Space Trader - Merchant Marine Review


Space Trader: Merchant Marine.  The title is pretty much self-descriptive.  This is a game that has you ferrying back and forth between planets, buying low and selling high, as you try to amass your fortune.  To spice things up a bit, you'll occasionally have the opportunity to collect a bounty on criminals which involves short first-person shooter missions.  However, the bulk of your time is spent clicking on various merchants, moving your wares, and then clicking on the next planet to travel to and repeat the process.  If it sounds a bit repetitive, that's because it is.  Space trading games can be a lot of fun - Freelancer ranks as one of my favorite games of all times - but Space Trader fails to capture the exciting elements of space commerce and leaves you with just the mundane task of hauling cargo back and forth between nondescript star ports.

Space Trader is a budget game, so graphically you get something that resembles games from ten years ago.  That's not a knock against the game, though, as I'd rather play a game that is fun but doesn't look that great than a game with cutting edge graphics that is boring or tedious to play.  However, it is a knock against Space Trader that it isn't compelling enough to keep you playing for too long.  The commerce model is pretty simple, and the game makes trading so easy that there's not much challenge or strategy to it.  At each planet you simply click your way between the traders, and each one will have a list of goods and prices that are color-coded to let you know what's in demand.  Even so, it seems that this system doesn't always work consistently because I've lost money buying goods that the game indicated were profitable items.  The game has traders that work in contraband goods, but there's no discernable difference between these and the legal goods.  They don't provide profit margins that are much different from those of the legal goods, and no one seems to care whether you trade in illegal goods or not.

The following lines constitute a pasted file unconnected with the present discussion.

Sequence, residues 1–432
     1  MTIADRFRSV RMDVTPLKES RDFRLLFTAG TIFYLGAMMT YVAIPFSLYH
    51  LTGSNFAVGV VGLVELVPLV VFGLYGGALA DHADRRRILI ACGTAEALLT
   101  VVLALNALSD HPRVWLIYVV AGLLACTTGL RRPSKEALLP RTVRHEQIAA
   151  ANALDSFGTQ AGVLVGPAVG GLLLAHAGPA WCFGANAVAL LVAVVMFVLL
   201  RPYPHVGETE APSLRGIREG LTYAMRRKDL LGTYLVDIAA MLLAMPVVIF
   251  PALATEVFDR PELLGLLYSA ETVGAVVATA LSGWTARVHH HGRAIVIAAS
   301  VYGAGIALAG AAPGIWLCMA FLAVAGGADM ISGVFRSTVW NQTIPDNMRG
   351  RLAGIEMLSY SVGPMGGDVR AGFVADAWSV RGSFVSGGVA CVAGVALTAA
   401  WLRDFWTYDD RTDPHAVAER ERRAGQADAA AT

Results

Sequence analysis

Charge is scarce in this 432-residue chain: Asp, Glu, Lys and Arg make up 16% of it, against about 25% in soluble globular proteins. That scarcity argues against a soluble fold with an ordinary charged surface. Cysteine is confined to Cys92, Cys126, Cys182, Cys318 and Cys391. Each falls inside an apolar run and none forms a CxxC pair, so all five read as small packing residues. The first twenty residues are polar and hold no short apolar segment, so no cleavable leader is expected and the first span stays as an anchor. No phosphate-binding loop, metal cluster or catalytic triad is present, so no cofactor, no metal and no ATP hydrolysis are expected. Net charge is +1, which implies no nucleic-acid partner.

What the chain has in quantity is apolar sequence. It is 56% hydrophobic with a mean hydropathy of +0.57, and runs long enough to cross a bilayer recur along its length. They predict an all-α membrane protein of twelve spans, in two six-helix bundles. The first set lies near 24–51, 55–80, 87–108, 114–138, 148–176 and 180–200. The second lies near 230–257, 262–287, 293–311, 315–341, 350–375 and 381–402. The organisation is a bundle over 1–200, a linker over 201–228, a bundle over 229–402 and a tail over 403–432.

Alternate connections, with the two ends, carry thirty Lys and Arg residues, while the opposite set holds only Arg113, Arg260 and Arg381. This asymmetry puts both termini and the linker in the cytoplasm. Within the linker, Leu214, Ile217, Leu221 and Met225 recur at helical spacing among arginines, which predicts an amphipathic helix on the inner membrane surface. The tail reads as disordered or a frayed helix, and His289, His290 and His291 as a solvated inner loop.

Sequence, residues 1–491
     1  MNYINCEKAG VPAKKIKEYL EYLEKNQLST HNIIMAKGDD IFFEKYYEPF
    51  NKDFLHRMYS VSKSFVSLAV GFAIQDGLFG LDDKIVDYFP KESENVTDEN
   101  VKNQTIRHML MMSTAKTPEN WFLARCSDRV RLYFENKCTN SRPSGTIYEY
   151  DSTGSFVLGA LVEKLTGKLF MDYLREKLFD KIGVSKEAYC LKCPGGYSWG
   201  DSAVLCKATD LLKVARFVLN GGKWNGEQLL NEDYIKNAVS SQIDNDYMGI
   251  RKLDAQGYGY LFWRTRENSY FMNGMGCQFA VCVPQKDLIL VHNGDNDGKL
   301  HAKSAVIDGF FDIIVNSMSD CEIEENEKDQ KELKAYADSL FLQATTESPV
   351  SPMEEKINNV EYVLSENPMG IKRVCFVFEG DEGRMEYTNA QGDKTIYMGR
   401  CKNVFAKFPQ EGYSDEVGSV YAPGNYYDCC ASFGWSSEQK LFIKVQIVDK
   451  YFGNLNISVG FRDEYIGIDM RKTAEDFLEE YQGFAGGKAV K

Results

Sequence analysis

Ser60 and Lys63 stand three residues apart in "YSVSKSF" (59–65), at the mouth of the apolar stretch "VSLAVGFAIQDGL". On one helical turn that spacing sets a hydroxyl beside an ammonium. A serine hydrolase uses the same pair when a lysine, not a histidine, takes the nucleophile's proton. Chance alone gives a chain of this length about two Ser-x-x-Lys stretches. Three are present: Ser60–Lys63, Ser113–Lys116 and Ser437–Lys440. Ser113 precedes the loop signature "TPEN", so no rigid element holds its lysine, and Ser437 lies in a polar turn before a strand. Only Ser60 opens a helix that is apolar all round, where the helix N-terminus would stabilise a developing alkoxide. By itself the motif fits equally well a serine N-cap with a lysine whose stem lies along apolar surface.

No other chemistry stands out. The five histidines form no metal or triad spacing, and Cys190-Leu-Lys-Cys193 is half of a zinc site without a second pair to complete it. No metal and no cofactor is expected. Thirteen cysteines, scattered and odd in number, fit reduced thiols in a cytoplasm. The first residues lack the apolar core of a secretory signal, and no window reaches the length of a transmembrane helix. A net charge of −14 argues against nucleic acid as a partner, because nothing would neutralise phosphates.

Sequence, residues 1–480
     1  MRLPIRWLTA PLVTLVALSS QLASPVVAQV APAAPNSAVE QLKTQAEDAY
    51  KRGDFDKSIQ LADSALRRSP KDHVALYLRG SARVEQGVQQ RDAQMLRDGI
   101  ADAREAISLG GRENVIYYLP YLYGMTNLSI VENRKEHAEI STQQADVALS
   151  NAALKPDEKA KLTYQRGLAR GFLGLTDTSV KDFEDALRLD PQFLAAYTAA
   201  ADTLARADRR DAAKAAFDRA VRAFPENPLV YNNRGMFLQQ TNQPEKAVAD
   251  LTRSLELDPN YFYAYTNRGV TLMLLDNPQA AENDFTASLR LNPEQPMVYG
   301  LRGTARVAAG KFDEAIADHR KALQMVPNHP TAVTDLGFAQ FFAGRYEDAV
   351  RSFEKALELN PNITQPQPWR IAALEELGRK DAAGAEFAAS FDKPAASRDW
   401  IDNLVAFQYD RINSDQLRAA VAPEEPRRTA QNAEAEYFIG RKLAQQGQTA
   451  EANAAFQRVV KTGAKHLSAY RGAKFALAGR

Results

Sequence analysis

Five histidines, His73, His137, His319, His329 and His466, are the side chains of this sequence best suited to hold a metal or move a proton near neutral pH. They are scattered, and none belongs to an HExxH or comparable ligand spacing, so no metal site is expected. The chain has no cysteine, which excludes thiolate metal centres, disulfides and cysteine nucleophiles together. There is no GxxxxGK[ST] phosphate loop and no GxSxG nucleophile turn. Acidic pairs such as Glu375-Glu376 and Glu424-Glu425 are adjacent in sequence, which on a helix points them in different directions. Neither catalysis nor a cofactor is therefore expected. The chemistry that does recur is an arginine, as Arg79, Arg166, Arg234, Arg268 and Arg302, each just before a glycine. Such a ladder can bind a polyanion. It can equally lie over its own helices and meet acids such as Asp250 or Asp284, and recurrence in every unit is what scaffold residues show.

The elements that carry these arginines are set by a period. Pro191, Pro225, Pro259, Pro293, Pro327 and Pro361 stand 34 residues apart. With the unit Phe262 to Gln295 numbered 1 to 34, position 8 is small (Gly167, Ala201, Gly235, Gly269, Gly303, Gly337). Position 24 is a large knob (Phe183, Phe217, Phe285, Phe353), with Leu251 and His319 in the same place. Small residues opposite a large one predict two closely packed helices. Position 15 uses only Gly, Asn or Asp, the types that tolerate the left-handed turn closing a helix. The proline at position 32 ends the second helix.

You'll have the opportunity to take on missions to collect bounties on people, and if you accept a mission you'll be taken to a small instanced zone for some first-person shooter gameplay.  I can't really say that the first-person shooter aspect of the game is one of its selling points - in fact, the game would be better off without it.  Each mission is played on one of only a couple of maps that you'll see over and over again, enemies just randomly spawn into existence, and the AI doesn't put up much of a fight.  Each of these missions plays out in exactly the same way.  You spawn into the level with a pistol, run to grab a bigger gun, and then kill enemies as they pop into existence until your target appears.  The targets don't put up much more of a fight than their generic henchmen, so you can play through these levels pretty quickly.  Even with the short mission times, they begin to feel repetitive pretty quickly and soon and more tedious than anything else.

The game has a barebones story to it that divides play into chapters, and in each one you need to accomplish your goals within a tight time limit.  The game is one of those that makes up for a lack of challenge in the gameplay by setting overly tight time limits.  There's not really any margin for error and the game does not support mid-mission saves, so you'll be stuck repeating the same level time and again because you just didn't quite raise enough money or missed an assignment to collect a bounty on a criminal.  I probably don't have to tell you that a game that is repetitive in the first place that forces you to replay the same chapter over and over again does not make for a very enjoyable experience. 

In The End, This Game Hath Been Rated: 40%. It's about time PC gamers got a good space trading game to play, but it looks like they'll need to keep waiting.